International civil society says no to geoengineering – “Hands off Mother Earth!” manifesto issued

110 organizations and social movements, including renowned environmental activists, Friends of the Earth International, La Via Campesina, Indigenous Environmental Network, Third World Network, ETC Group, and the Heinrich Böll Foundation have issued a manifesto today speaking out against the large-scale manipulation of climate and earth systems with unproven technologies – so-called geoengineering. 



HOME builds on a decade of resistance against geoengineering:


At the World People’s Conference on Climate Change and the Rights of Mother Earth in Cochabamba, Bolivia, in 2010, a broad coalition of popular movements, civil society groups and Indigenous Peoples’ organizations from around the world launched the first global campaign against geoengineering. Hands Off Mother Earth (HOME) became a global campaign to defend our communities and our common home, Planet Earth, against the threats of climate manipulation.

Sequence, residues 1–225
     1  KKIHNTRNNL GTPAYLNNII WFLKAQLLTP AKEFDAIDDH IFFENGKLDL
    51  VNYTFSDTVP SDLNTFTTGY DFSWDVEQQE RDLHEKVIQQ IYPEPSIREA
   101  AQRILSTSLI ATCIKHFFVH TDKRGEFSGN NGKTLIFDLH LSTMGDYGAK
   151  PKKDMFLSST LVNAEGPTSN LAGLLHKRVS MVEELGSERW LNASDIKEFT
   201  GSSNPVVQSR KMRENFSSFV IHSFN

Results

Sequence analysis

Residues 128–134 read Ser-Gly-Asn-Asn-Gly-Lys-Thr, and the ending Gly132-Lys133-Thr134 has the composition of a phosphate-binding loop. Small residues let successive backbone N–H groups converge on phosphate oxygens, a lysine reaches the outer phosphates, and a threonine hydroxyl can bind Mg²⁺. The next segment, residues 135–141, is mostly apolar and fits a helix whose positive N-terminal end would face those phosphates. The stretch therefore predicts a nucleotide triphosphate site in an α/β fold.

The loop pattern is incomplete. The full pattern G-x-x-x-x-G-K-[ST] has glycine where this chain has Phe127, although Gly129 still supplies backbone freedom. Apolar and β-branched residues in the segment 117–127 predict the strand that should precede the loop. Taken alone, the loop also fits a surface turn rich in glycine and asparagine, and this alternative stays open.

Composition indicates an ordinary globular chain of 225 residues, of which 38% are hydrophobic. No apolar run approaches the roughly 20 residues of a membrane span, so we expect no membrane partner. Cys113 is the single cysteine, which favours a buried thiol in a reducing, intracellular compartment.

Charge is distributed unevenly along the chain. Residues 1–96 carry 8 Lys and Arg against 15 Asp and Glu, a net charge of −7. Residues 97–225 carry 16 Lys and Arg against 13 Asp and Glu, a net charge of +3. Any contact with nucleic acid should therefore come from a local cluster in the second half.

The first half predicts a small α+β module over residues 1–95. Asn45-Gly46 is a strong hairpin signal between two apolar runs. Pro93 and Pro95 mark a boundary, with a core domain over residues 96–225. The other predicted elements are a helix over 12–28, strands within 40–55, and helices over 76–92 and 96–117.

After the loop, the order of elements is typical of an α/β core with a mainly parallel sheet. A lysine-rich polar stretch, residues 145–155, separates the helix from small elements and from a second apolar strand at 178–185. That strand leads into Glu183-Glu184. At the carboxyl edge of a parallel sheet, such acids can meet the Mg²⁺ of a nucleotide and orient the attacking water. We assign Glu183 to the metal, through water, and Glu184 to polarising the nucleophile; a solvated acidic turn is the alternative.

The HOME Campaign provided a common platform for organizations around the world to express their opposition to geoengineering. The HOME manifesto 2010 asserted that geoengineering is a set of dangerous false solutions to climate change, and that the seas, skies and soils of our home planet should not be used as a laboratory for these unjust and risky technological endeavors, that no one can or should be in control of the global thermostat and that we movements and organizations stand united to defend our lands and our rights.